Improving Reading Skills Through Talking

Partnering on note taking, a strategy developed for struggling readers, helps middle and high school students process what they read.

Two high school students annotating a text
©Shutterstock/ESB Professional

As a former middle school special education teacher and current tutor of middle and high school students, I often work with older children who struggle immensely with reading and writing tasks. This issue impacts them in every academic area and, if not addressed, can eventually affect their motivation to learn and to come to school. Many students I work with receive extra support in their English or language arts class, but then are on their own or receive less support in their other academic classes.

I find that teaching these students reading strategies is vital to their success. However, when I began doing this, I found that often the reading strategies I use with my more advanced students—the Cornell note-taking system, SQ3R (short for “Survey, Question, Read, Recite, Review”), and annotation—were not entirely effective with students who struggle with literacy.

Over time I modified my approach until I arrived at a method that worked well with all students, even those who usually resist any type of reading and writing. It hinges on the fact that most students—even those who don’t enjoy reading—really enjoy talking.

A Reading Strategy for All Learners

Preview: Have students go through the text with a partner before they begin reading, making observations about these guiding questions:

  • What do you notice about the text?
  • What do you observe as you look at the following: pictures, bold or italicized vocabulary words, title, headings, subheadings, and first and last sentences of each paragraph?

When one student makes an observation, their partner makes a tally mark if the observation is accurate. Students compete to see who can come up with more observations—accurate ones—within five minutes.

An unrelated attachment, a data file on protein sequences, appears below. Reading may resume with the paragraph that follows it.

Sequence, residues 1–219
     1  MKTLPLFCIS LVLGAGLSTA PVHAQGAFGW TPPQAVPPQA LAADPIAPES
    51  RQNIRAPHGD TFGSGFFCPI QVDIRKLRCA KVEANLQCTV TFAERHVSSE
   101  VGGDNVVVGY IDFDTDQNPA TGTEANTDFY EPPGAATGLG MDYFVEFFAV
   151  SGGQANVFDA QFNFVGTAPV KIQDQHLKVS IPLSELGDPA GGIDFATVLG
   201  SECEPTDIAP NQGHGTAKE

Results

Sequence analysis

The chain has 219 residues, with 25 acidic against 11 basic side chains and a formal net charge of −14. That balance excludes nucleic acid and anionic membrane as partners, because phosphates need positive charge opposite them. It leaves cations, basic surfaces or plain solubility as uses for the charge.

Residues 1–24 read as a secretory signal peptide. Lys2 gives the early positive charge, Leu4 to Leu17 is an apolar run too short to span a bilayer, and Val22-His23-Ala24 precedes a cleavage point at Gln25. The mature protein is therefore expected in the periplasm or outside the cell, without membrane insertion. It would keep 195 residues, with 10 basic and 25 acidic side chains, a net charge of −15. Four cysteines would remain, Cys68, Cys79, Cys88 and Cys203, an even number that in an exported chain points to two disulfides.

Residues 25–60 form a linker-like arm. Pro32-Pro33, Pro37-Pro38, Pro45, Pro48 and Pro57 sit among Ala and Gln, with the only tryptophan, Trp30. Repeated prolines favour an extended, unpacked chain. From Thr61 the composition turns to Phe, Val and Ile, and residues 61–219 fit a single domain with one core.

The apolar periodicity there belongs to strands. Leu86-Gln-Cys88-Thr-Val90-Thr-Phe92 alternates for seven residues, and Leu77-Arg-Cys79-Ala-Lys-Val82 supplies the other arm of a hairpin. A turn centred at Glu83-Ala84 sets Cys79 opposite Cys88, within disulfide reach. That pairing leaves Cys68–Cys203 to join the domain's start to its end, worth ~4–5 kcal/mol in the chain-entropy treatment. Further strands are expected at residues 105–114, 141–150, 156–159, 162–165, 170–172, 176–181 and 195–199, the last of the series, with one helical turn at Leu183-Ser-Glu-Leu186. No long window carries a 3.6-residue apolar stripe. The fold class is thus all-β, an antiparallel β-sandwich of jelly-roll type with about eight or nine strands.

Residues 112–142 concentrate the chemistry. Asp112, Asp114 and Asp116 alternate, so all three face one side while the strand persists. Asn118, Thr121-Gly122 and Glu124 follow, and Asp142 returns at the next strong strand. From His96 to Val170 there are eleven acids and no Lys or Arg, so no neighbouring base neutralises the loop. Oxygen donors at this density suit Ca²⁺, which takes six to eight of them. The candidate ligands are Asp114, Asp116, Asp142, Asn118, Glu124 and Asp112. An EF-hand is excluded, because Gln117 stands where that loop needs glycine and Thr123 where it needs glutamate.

Read: Then each student will read one paragraph of the text silently. They may read it more than once, until they feel like they understand it. Students who have difficulty with decoding can wear headphones and use a program like the Read&Write extension for Google Chrome that reads aloud highlighted text.

Highlight important information: After reading a paragraph, students look back through it for important information and details. They can highlight these details with a highlighter or, if they’re reading a textbook, use a removable marker-like highlighter tape or a Post-it flag. It’s often useful to mark the Post-its with symbols like a question mark for questions or a star for important details and dates.

Collaborate and discuss: Each member of the team shares the following with their partner:

  • What important details did you find in the paragraph?
  • What questions did you have while reading?
  • Why did the author write this paragraph?
  • How would you summarize the main point of this paragraph using your own words?

Record: Students then reduce their comments to one summary sentence for that paragraph. They should number the paragraphs in the text and record the summary sentence for each one in a Google Doc. Students who have difficulty with language processing can use the voice-to-text feature on Google Docs, which automatically types what you speak into the microphone. Most students are very used to this type of feature from using a cellphone.

This reading strategy creates a set of notes, similar to annotation, where students have written down the most important information from each paragraph. The process of analyzing the text after each paragraph causes them to process the information more deeply than they might usually do when reading, making them more likely to retain and remember it. The interactive nature of the strategy—in working with a partner—and the use of technology make it fun for most students, but the strategy can also be used alone or with a teacher or paraeducator.

Study and Review

Following these steps while reading teaches students a valuable study skill, as the notes they create can be used later to study, write a paper, or review what has been read in order to answer questions. Students can also be taught the additional step of going back to their summary statements and creating a test question to go with each. They should be taught that this step is completed later—it's a way to review their notes.

Reading this way teaches students the thought process they need to use to become better readers and increase their comprehension. Working with a partner makes the strategy more fun for most students and assists those who struggle to find meaning in the text. The finished product creates a study tool that can be used any time a student needs to read and then refer back to that information.